For years, some people have complained about the sentencing disparity that exists in the federal system with respect to crack and powder cocaine. Until quite recently, possession of one gram of crack cocaine was treated as the same as possession of one hundred grams of powder cocaine.
The United States Sentencing Commission, which is responsible for writing the sentencing guidelines under which federal defendants are sentenced, re-wrote the recommended sentences earlier this year, greatly decreasing the discrepancy (resulting in shorter recommneded prison terms for crack offenders). That was big news. But the really big news came yesterday, when (as this article in the Post explains) the Commission voted to make the new guidelines retroactive. In other words, defendants who were sentenced under the old guidelines pertaining to crack cocaine possession and trafficking may now ask their judges to resentence them.
The Post describes the result as "early release," though that's not how the term is usually used. Typically, we think of a prisoner being released "early" when he or she serves less than the full sentence imposed by a judge. Here, the affected inmates will get new sentences (and they will serve the full sentence a judge says that they should serve). And remember: judges aren't required to give new sentences; they can turn down the requests upon a determination that the original sentence was appropriate.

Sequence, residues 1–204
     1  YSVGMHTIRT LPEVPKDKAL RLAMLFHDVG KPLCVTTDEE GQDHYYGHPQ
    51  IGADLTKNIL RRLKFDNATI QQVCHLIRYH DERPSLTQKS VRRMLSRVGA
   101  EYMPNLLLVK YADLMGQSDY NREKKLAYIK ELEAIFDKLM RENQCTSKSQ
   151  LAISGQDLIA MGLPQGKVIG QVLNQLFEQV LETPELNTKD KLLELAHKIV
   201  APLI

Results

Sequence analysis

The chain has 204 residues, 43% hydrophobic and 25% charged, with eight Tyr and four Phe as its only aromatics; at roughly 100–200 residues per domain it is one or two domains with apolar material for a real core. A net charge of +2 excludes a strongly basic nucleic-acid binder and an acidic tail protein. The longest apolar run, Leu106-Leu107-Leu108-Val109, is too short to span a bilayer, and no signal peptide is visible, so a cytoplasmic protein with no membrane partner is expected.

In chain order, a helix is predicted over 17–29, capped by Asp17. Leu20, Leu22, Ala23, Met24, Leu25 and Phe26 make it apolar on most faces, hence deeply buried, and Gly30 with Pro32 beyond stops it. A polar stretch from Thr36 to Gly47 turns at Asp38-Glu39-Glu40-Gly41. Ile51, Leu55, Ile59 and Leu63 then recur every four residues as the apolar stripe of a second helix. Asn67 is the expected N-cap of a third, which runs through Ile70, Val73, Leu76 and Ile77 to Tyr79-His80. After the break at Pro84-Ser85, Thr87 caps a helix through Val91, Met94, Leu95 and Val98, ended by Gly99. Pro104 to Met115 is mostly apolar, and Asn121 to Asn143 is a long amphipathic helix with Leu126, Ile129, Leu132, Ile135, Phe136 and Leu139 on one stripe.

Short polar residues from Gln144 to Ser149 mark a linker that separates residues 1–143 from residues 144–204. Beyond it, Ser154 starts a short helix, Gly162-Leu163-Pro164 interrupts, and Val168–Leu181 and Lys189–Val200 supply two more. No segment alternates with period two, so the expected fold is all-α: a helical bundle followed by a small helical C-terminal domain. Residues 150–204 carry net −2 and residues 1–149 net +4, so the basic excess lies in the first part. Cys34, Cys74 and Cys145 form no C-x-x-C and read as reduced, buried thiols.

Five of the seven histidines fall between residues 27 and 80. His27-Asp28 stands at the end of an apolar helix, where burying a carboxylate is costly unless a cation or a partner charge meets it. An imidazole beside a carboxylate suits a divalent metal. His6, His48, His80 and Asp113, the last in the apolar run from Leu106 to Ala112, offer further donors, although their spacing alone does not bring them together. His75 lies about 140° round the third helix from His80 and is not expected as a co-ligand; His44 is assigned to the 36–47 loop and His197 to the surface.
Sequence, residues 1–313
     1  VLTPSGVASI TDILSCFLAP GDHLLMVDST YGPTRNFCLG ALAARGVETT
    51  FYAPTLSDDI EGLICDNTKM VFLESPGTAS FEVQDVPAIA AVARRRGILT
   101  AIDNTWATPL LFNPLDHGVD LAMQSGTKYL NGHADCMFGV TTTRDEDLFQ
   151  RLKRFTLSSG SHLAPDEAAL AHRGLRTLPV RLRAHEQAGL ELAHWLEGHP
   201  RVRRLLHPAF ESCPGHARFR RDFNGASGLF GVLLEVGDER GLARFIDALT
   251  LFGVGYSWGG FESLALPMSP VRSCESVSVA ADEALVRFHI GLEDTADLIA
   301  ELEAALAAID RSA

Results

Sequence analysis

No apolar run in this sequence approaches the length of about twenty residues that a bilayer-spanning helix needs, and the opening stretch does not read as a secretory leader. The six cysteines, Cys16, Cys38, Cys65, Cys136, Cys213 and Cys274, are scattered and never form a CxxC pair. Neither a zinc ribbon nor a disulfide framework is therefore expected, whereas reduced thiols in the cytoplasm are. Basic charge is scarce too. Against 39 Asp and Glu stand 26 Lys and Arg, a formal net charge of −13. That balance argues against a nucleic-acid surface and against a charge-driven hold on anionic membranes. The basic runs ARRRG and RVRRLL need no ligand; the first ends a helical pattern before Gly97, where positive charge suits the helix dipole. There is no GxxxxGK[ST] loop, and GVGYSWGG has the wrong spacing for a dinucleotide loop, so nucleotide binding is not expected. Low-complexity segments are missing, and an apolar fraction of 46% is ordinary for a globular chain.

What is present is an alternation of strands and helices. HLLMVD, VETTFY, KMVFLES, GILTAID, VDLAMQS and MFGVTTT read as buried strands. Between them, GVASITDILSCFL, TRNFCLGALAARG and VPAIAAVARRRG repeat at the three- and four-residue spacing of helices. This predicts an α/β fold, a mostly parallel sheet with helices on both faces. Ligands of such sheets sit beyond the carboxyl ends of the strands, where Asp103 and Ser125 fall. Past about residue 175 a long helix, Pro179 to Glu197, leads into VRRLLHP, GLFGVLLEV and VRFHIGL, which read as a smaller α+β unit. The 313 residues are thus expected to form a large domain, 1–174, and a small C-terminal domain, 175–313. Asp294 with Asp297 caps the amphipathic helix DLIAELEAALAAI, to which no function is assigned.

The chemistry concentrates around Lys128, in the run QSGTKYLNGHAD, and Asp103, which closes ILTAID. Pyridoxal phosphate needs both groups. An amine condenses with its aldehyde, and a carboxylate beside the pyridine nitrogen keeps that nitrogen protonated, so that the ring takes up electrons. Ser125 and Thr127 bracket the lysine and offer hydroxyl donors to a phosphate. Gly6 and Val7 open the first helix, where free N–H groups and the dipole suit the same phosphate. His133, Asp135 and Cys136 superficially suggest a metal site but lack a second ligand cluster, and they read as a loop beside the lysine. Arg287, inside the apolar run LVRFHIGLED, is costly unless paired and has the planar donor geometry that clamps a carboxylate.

The move by the Commission is nearly unprecedented. Many will view this as justice long denied due to unfair sentencing laws.
(For those who are wondering, Ohio law treats crack differently than powder cocaine, but the difference is not so dramatic. While the (old) federal ratio was 100:1 (100 grams of powder = 1 gram of crack), the ratio in Ohio is between 5:1 and 20:1, depending on the weight involved.)